Related themes


Sets, Stories, and Situations

Throughout the history of the medium, photographers have staged images to evoke or reference literature, films, or real events.


After "Invisible Man" by Ralph Ellison, the Prologue

Jeff Wall
(Canadian, born 1946)

2000. Silver dye bleach transparency; aluminum light box, 5 ft. 8 1/2 in. x 8 ft. 2 3/4 in. (174 x 250.8 cm)

Jeff Wall based this elaborately staged photograph on Ralph Ellison’s prologue for his 1952 novel Invisible Man. The unnamed narrator, an African American man, lives secretly “in my hole in the basement [where] there are exactly 1,369 lights,” powered by stolen electricity. Some visual details are drawn from other parts of Ellison’s book or come from the artist’s imagination. In this way, Wall refers to his inspiration for this photograph as an “accident of reading.”1

Wall refers to his method of photography as “cinematography,” and like a cinematic production his work is dependent on collaboration with a cast and assistants who help develop a painstakingly constructed set. He used a large-format camera with a telephoto lens to achieve such a high resolution and finely detailed print. This photograph, like most of Wall’s work, has been printed on a transparency and mounted in a steel-framed light box. The large-scale image is illuminated from behind by fluorescent lights, which Wall began using after seeing light-box advertisements in the late 1970s.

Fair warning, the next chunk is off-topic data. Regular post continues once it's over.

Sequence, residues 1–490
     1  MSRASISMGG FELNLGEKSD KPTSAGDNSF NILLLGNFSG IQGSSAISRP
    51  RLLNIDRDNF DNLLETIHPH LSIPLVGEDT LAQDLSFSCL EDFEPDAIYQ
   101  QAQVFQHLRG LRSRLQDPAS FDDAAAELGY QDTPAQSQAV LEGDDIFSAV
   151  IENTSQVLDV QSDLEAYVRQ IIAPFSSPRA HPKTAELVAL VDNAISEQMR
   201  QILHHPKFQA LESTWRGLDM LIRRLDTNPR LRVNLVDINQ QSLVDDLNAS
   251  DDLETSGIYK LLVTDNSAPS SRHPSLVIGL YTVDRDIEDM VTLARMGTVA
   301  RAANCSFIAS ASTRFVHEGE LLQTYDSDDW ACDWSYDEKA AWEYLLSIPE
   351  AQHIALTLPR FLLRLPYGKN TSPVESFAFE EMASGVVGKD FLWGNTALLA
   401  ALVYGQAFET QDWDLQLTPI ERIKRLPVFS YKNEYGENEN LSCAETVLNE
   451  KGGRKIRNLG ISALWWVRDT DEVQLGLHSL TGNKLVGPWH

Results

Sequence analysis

Jeff Wall, interview by Peter Galassi, in Jeff Wall, by Peter Galassi (New York: The Museum of Modern Art, 2007), 157.
Ibid.

The ratio between the size of an object and its model or representation, as in the scale of a map to the actual geography it represents.

A term describing a wide variety of techniques used to produce multiple copies of an original design. Also, the resulting text or image made by applying inked characters, plates, blocks, or stamps to a support such as paper or fabric.

What Said What?
In Jeff Wall’s view, familiarity with Ralph Ellison’s novel is not necessary to appreciate this photograph, nor should the photograph necessarily prompt someone to read Invisible Man. By appreciating the picture, Wall says, someone “can be thought of as having written his or her own novel. The viewer’s experience and associations will do that. These unwritten novels are a form in which the experience of art is carried over into everyday life.”2